How Much Are You Worth?
Other than not getting selected as a possible candidate, nothing's more painful than the feeling that you've left money on the table. If you've been lucky enough to get a job offer, or if you're one of the ones in the final running, it's probably time for your prospective employer to turn the tables on you. It's the question you know they're going to ask. What salary and take are you expecting? It's probably one of the toughest questions you have to answer during the interview process and financial firms are notorious for trying to get this information out of you.
So, what to do? Avoidance is sometimes the best policy, but don't be too obvious about it. Try your best to keep the conversation focused on your attributes, and the more you can engage the human resource person or group leader, the more likely you will avoid this touchy subject. One recent hire says that the interview he had went so well that they never got back to the subject. End run-charm the pants off them and dazzle them with your skills.
You'd much rather be in the place to hear the salary range. When you're presented with a number, it's easier to say 'yes' or 'no' or give a counter. But if you're boxed into quoting a figure cold, it's painful to come on board and later find out someone in the company in a similar post is getting much more for the same job. It's also worrisome to think you may have killed your job chances by quoting a figure that's too high.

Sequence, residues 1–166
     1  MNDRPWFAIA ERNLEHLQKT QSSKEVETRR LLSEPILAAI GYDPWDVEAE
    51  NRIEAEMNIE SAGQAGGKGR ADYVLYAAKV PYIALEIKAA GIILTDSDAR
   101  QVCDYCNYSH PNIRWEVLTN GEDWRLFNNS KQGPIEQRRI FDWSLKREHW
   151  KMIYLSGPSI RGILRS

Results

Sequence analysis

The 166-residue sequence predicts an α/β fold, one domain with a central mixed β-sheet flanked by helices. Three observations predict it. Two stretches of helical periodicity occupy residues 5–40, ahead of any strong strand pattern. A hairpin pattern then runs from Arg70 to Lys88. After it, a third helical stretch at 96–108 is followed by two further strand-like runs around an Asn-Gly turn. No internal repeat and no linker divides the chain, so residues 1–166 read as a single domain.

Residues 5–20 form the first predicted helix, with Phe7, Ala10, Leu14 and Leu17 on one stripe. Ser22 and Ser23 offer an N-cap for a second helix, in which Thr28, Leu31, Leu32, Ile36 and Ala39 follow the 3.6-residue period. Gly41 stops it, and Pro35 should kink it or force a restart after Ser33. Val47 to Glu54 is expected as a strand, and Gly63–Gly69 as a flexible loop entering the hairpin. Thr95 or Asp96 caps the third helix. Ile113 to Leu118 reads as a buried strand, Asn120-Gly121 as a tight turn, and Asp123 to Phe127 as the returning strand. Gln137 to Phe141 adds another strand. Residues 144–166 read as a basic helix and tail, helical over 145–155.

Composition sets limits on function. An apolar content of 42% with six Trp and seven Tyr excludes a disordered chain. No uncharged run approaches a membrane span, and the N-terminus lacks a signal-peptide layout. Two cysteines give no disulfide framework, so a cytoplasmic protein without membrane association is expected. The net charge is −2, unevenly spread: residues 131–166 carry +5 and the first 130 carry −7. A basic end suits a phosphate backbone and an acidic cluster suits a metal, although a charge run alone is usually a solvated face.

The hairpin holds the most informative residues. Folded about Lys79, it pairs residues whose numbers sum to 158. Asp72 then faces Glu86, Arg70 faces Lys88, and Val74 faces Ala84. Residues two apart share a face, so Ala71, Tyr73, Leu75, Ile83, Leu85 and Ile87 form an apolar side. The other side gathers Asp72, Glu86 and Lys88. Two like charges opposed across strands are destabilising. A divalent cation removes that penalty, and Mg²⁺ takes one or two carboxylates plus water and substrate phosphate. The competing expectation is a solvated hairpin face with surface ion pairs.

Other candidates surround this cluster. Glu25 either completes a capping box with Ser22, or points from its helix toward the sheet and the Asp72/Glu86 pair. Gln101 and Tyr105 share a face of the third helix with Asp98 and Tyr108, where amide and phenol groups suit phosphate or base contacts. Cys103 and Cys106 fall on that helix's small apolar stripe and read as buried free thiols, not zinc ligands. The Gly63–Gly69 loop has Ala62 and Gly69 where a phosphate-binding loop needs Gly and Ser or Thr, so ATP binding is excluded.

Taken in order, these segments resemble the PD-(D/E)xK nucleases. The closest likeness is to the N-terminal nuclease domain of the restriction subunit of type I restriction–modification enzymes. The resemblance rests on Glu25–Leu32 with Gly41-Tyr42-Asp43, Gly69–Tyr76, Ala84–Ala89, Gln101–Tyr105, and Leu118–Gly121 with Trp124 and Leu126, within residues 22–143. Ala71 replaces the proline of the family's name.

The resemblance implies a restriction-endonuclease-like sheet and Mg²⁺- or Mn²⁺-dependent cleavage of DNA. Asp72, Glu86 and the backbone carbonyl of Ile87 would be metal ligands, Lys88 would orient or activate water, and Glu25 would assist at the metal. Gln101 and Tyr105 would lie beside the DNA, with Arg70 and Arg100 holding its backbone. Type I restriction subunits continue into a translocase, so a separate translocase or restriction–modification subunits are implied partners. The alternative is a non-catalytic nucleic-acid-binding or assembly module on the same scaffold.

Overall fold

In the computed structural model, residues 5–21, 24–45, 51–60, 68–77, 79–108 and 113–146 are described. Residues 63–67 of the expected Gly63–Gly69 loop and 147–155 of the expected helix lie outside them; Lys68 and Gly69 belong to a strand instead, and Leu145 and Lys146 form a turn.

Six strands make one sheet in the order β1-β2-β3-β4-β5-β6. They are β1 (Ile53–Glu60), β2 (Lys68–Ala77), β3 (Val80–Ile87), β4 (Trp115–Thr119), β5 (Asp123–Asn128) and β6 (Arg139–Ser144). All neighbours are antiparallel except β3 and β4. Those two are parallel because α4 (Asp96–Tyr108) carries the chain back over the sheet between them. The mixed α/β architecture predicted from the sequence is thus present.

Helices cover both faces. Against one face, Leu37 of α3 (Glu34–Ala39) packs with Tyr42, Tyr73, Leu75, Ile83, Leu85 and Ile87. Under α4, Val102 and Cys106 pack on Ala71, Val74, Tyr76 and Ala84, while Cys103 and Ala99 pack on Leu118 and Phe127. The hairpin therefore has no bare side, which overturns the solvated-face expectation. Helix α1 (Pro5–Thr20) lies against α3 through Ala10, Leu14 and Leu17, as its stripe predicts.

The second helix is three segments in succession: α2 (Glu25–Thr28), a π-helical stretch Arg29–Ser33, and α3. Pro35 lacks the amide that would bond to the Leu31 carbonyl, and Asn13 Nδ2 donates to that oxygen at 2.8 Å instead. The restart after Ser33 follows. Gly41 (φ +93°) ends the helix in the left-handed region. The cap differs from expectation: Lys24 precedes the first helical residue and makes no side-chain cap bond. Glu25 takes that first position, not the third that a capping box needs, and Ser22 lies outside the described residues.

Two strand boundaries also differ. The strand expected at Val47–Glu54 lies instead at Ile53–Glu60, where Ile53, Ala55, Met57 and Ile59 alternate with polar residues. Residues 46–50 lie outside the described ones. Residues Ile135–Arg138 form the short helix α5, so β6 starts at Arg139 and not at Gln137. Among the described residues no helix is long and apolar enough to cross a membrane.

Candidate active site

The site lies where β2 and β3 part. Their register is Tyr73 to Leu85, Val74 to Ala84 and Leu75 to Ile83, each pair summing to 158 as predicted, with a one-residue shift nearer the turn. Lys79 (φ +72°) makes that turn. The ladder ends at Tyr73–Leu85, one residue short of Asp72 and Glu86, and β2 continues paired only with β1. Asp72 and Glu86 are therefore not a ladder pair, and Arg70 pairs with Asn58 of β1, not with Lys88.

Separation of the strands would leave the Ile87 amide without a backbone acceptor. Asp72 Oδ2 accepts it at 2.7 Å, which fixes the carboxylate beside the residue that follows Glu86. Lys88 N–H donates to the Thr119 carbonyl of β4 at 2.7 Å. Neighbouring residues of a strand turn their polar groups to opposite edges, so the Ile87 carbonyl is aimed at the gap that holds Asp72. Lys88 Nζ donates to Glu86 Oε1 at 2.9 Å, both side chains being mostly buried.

Before you spout off a number, make sure you've come to the table with some knowledge in hand. If they're playing candidates against one another, then you may find the question one that they are not likely to forget. DO your best to do your research. If you have access to an associate or friend at the firm, ask them as much about salaries as you can. If you know someone in a similar position at a different firm, pick their brain about their job responsibilities and their pay, if they will share it.